Some of them have lived in Galicia all their lifes, some of them only a period and others never.
Moreover, the ones who had lived in Galicia have received formal education of the language.
https://docs.google.com/forms/d/18d3HrsxAxyOToNLIa8OZMeO3XlYbw46TCEBypivuDAQ/viewform
Background information
PART A.
yes
no
yes
no
no
yes
PART B. Only for Galician people
My opinion:
I asked them which are the prototypicals word for define a "galician", these are some examples:
Sailors, northerns, hospitality and humble.
Friendly, kind, funny
Se chove qe chova (if rains , that rains)
Polite and friendly.
Clever, shy and funny
Everyone has a dialect and speaks with an accent. Accent and dialect are about our identity, history, geography and culture; they are part of us. You should never feel that you need to change or lose them but you probably need to adapt them, depending upon the people you talk to and the circumstances you talk in. You might change how you speak to make yourself understood or to create a particular impression.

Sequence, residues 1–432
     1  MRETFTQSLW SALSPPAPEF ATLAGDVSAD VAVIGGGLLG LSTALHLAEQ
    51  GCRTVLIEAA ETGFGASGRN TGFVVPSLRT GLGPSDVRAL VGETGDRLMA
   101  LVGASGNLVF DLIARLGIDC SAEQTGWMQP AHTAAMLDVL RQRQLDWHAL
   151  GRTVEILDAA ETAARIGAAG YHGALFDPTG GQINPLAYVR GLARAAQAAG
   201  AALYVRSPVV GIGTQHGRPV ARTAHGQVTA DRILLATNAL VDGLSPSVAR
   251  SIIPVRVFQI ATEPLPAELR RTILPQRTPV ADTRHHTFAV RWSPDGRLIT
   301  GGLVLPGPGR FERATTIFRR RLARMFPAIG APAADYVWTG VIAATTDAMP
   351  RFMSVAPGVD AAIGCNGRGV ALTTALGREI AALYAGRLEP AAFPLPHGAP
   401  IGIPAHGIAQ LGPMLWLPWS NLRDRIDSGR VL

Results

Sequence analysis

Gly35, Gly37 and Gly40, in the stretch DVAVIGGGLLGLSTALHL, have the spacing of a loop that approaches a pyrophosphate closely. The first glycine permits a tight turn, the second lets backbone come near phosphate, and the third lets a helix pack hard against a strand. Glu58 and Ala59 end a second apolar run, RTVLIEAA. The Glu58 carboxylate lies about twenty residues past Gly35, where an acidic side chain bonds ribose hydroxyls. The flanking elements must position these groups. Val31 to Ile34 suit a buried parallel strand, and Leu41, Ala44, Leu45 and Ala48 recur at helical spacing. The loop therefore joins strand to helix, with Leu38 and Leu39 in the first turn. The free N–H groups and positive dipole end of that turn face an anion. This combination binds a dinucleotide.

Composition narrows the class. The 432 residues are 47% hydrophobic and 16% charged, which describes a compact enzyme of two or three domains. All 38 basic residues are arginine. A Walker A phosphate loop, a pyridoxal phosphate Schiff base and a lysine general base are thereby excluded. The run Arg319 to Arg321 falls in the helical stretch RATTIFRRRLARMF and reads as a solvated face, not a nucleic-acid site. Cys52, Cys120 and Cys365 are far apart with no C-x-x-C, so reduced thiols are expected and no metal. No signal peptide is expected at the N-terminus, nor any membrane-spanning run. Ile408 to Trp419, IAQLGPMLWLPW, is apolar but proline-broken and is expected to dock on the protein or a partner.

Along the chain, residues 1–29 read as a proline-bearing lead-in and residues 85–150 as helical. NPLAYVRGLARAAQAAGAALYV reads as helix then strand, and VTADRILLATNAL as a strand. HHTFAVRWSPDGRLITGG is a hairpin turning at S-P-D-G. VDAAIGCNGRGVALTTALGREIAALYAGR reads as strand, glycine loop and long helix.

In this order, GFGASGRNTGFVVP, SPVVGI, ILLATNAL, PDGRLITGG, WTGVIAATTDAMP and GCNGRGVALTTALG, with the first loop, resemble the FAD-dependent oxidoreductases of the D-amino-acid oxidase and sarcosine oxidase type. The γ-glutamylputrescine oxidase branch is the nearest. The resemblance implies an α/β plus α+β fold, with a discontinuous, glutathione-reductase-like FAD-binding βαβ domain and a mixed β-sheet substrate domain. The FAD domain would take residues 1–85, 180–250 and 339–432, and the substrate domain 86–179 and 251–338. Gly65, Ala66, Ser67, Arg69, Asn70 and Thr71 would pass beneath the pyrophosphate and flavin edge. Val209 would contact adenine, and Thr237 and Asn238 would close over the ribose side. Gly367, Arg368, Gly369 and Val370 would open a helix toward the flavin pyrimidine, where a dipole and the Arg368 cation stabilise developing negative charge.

People can make judgements based on accent and dialect in the same way they make judgements about appearance. This is not justifiable, but it is a persistent fact of life.

People learn a language and accent or dialect of their home community. Each of the speakers in these podcasts expresses a different view about their spoken language, and some feel more positive about how they speak than others.
conclusions:
Language has an impact on multiple levels: social, national and linguistic
Embodies the culture and traditions of its speakers
Has power to create and break down communities
Personal dilemmas over sense of belonging for individuals
Full transcript